It’s time to switch to a four-day working week, say these two Davos experts
'For decades, all the major economists ... they all believed that we would be working less and less', Rutger Bregman told Davos
Working less would have a range of benefits for workers and employers and the world should embrace the four-day working week, was the message two experts brought to Davos 2019.
Adam Grant, a psychologist from the Wharton School in Pennsylvania, said: "I think we have some good experiments showing that if you reduce work hours, people are able to focus their attention more effectively, they end up producing just as much, often with higher quality and creativity, and they are also more loyal to the organisations that are willing to give them the flexibility to care about their lives outside of work."
Economist and historian Rutger Bregman, author of Utopia for Realists agrees, and explained that a shorter working week is not actually that radical – policymakers have been trying to figure out how to give the workforce more leisure time for the best part of a century. "For decades, all the major economists, philosophers, sociologists, they all believed, up until the 1970s, that we would be working less and less," he said.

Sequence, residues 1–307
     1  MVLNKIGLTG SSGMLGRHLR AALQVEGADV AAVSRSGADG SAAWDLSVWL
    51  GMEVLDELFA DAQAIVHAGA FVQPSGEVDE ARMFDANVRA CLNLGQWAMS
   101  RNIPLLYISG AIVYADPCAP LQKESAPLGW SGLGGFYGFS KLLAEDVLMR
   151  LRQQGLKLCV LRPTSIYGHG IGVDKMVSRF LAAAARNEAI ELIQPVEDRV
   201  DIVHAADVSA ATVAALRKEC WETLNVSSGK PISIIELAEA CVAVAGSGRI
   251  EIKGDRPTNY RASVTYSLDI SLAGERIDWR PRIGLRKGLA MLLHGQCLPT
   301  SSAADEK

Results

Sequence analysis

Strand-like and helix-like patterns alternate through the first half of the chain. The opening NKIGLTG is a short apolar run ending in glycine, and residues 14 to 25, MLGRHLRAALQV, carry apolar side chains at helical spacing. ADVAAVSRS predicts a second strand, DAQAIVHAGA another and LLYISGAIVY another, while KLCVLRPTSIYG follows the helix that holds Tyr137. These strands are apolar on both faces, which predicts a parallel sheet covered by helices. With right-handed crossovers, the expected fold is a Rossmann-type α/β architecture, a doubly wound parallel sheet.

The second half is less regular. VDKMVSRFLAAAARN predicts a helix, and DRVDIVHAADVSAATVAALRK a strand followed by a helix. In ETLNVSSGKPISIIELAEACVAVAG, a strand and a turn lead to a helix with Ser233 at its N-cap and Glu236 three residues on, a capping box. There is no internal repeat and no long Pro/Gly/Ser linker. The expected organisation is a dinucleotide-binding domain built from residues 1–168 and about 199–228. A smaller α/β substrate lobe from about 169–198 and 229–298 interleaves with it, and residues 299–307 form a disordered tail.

"In the 1920s and 1930s, there were actually major capitalist entrepreneurs who discovered that if you shorten the working week, employees become more productive. Henry Ford, for example, discovered that if he changed the working week from 60 hours to 40 hours, his employees would become more productive, because they were not that tired in their spare time."
World Economic Forum✔@wef The four-day working week might be closer than you think. Psychologist Adam Grant (@adammgrant) and author Rutger Bregman (@rcbregman) explain the benefits of working less. @wharton #wef19
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This position is backed up by Academic research. Multiple studies support the view that a shorter working week would make people happier and more productive, while OECD figures show that countries with a culture of long working hours often score poorly for productivity and GDP per hour worked.
Meanwhile, one company in New Zealand that trialed a four-day working week last year confirmed it would adopt the measure on a permanent basis.
Academics who studied the trial reported lower stress levels, higher levels of job satisfaction and an improved sense of work-life balance. Critically, they also say workers were 20% more productive.
Three-day weekend, anyone?